Ansel Adams is always a good place to start and to go back to for grounding when we get carried away by fancy stuff.
Originally Posted by DimasShishkin
To get a pure black, you need to have sufficient development time for the print. The development times given by manufacturers such as Ilford for their MultiGrade paper tend to be oriented toward production darkrooms that want to print quantities of pictures quickly, often with processing machines. Thus Ilford MG has accelerators in the paper and will come up very quickly in the developer tray.
But be sure to give sufficient time if you are making the highest quality prints. One way is make a funny kind of test strip. In the darkroom with safelight on, mark a strip of paper into about 5 to 8 segments with a pencil. Then expose the whole strip to white room light for a couple of seconds. Don't overdo it because you don't want tone reversal. Then feed the strip into the developer, segment by segment. Give the first segment 15 seconds and then feed it in further to cover the next segment. Give each segment 15 seconds and give the last segment a whole minute (60 seconds). You should see a difference between the last segment (60 sec) and the next to last (75 seconds). At some point you won't see a difference, and then you will know how long to develop to get your maximum black.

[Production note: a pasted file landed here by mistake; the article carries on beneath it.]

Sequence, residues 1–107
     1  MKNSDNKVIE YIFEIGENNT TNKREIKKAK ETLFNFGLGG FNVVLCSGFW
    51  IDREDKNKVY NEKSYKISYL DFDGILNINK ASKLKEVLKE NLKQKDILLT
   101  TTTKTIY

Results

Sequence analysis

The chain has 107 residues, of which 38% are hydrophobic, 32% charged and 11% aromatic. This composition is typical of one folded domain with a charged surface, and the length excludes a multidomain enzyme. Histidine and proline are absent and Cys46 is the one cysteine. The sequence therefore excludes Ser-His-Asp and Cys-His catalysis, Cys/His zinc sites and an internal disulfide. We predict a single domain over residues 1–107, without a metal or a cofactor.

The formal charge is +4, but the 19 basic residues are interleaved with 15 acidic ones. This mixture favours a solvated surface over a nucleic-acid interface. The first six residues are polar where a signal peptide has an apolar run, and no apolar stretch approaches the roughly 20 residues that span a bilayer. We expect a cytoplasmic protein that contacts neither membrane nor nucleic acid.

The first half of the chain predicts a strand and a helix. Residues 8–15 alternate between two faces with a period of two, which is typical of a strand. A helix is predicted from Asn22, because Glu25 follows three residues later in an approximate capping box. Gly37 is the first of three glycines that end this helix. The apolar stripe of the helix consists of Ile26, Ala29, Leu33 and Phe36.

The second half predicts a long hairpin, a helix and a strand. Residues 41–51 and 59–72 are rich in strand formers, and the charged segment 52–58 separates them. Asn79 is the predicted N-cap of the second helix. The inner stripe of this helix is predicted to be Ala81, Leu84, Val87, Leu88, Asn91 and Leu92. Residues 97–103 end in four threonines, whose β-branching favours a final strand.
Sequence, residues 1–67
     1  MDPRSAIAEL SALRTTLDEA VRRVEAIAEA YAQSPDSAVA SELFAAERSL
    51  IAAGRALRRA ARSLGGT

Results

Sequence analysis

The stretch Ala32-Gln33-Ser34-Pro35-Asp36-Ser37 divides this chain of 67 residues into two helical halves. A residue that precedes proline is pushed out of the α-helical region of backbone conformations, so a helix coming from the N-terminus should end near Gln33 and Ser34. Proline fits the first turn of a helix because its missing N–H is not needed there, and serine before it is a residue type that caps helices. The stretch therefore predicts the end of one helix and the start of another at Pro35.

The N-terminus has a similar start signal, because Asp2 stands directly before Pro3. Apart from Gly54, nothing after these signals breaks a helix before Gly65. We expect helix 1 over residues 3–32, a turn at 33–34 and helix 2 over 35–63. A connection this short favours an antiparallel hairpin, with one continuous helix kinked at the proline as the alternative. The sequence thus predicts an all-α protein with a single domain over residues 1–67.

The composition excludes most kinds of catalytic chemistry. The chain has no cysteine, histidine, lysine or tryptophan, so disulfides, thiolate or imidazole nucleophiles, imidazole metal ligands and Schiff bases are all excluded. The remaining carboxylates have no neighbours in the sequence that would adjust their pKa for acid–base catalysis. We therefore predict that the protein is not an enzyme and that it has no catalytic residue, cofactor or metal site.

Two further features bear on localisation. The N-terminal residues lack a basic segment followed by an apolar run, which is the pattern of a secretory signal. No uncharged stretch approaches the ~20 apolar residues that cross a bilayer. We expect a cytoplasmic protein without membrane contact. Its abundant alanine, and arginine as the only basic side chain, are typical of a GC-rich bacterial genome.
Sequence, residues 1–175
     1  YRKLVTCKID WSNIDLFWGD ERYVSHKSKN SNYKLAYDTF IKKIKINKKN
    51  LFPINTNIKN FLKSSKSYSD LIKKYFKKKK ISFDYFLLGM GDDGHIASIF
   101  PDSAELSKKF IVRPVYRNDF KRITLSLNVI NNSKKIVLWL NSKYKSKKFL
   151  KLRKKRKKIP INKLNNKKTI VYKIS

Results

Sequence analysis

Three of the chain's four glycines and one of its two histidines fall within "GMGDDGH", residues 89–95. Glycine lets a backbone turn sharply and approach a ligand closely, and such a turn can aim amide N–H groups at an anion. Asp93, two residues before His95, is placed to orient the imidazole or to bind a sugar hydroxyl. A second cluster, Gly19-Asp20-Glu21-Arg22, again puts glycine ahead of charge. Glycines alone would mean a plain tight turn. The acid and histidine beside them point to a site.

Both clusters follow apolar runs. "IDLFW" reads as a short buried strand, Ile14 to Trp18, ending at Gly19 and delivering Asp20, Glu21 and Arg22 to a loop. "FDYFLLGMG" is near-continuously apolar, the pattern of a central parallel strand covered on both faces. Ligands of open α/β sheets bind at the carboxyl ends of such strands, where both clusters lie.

Then adjust your exposure to get a touch of detail in the brightest important highlights. Just a little bit of detail where needed so that there are some pure white unimportant highlights.
Adjust your contrast as needed to get pure blacks. For some negatives, my first guess at contrast is not good and I have to go back and make some more refined test strips at the new contrast.
My first test strip is often rough, like 10, 15, 20, 25, 30 seconds. Then the second is more refined around the
best time, say 16, 18, 20, 22, 24 seconds.
I'm going to design and build a test strip box which will take a 4x5 sheet of paper (10 x 12 cm) and expose 12 little rectangles in a 3x4 matrix by moving the paper underneath the opening. This way I can expose four timings and three contrast grades of the same part of the negative when I'm making 8x10 (20 x 25 cm). I might make a bigger one for an 8x5 sheet (20 x 12 cm) for bigger prints (say 11x14 or 16x20, say 40 x 50 cm).
I'm getting back into printing after many years absence and finding that there are always new things to learn.